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New governing body replaces hall council

To give residential students a better venue to voice their concerns about life on campus, the Office of Residential Life has consolidated individual hall councils into a single governing body.

In past years, all the dorms had their own hall councils, which included such traditional leadership positions as president, vice president, and treasurer. In the last two years, members of all the hall councils were frustrated because not enough people would participate in dorm elections in order to fill all the leadership positions. Thus, the Residential Community Organization (RCO) was born

According to Senior Rae Tabbert, a former Residential Assistant, in past years, when each hall had its own hall council, all the halls were basically doing the same things in terms of keeping a budget and planning dorm activities but there was never any communication or collaboration between any of the halls. As a result of these frustrations, the Office of Residential Life decided to rework hall council so that it would be one governing body with representatives from each dorm, said Lael Sigal, residence director.

“RCO will help make hall council more effective,” said Sigal. “It will work well for the Mills community and it will help residential students voice their concerns more effectively.”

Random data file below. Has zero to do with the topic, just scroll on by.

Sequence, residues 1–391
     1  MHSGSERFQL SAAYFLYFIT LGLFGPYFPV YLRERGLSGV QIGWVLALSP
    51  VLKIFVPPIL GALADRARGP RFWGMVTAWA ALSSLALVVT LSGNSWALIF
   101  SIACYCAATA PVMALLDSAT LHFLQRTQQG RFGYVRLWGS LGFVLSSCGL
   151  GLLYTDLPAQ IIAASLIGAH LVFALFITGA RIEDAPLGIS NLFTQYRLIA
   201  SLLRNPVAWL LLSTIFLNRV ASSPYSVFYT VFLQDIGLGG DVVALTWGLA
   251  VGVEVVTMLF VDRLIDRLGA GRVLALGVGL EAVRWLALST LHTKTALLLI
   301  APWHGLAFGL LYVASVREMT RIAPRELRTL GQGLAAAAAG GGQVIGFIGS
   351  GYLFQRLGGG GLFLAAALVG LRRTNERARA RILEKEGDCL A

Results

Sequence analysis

“We can really get more accomplished with everyone in one organization working towards one goal as opposed to having four hall councils,” said Tabbert.

According to a pamphlet created by the Office of Residential Life, the Residential Community Organization will consist of one executive board with a president, vice president, treasurer, secretary, programming chair, diversity chair and traditions chair. In addition, each hall will have the opportunity to send three representatives to the executive board in order to communicate the ideas, comments and concerns of residents.

Unlike the dorms, Larsen House, Ross House, Prospect Hill and Underwood Apartments will not send representatives to the executive board but they are considered a part of the Residential Community Organization. The commuting lounges (Mary Atkins and Persis Coleman) will not be included in the Residential Community Organization because they already have their own governing boards, said Sigal

Other functions of the Residential Community Organization will be to serve as a point of information between the community and the administration, make decisions for purchasing equipment for the residence halls, provide input for building improvements and quiet hours and work with Housing Management and Dining Services on community improvements.

One complaint that a lot students have had about the change from separate hall councils to one big community organization is that information about the change was not advertised very well, said Junior Hailey Phelan.

“When I decided to run for a position on RCO, I thought RCO was hall council,” said Phelan.

According to Phelan, at first, she didn’t know anything about the Residential Community Organization until she read the campaign application that she obtained from the Office of Student Life.

Elections for positions on the executive board were held this week. The Executive Board of the Residential Community Organization will hold meetings every Wednesday from 4- 6 p.m. in the Cowell Conference Room, said Tabbert.

“I hope people attend meetings whether they’re representatives or not,” said Sigal. “This is truly a place where students can have a voice.”

“I hope RCO is effective,” said Junior Akiima Towe. ” If it’s one big organization then people will take their jobs more seriously since there is a bigger task at hand.”